The websites of some of the UK’s budget airlines are some of the worst to use, with four of them scoring 50% or less for usabilty, with Ryanair coming last with just 41%.

This is the verdict of Webcredible’s Flights Online study, which looks at the websites of 20 airlines and travel agents in the UK. British Airways topped the table with 71%, closely followed by Expedia and Virgin Atlantic on 70%.

Usability has improved since last year’s study, with the average score increasing from 51.5% to 56.7%. The biggest improvements were made by Expedia and Virgin Atlantic, with their scores increasing by 17% and 15% respectively.

It’s no surprise that Ryanair is bottom of the class in this study either. I looked at the site after its blogger-baiting episode in February and found plenty of room for improvement.

Usability issues on the Ryanair site I highlighted in my post included poor search options, such as being unable to search for all flights from the same city rather than specific airports and with flexible departure dates, the lack of options for refining search results ws also an issue, while many searches drew a blank, leaving the user at a dead end.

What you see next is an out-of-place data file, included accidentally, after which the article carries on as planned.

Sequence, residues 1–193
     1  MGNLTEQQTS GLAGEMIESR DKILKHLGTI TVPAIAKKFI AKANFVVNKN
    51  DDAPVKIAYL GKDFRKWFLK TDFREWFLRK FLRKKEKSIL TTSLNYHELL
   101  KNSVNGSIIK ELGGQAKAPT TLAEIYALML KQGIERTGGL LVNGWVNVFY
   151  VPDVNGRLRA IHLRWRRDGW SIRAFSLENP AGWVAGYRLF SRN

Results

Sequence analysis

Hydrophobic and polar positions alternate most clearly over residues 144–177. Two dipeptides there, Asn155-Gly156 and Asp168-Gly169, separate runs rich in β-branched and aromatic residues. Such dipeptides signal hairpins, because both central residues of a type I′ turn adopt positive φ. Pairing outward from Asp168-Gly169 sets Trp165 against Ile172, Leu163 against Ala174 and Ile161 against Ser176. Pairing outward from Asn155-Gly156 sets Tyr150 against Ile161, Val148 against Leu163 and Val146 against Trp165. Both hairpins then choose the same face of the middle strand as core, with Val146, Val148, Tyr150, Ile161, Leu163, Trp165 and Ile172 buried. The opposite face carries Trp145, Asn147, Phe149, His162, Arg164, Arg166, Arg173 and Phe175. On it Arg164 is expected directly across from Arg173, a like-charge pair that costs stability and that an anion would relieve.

The study has highlighted these points, as well as:

  • Criticising the lack of airport information on offer, location, transport links etc.
  • Automatically signing customers up for extras like insurance and making it difficult to opt out. 
  • Making rules on flight cancellations and changes hard to find.
  • Highlighting user input errors. 

Booking flights online can be a complex process, which makes excellent user
experience even more important. While Ryanair may not worry too much about usability issues, there is plenty of competition in
this sector so customers can easily find a competitor’s website if the
booking process becomes too difficult.

Customers are drawn to the Ryanair website by the cheap flights on offer, but they may not tolerate poor usability for ever, especially if other budget airlines can improve their own sites.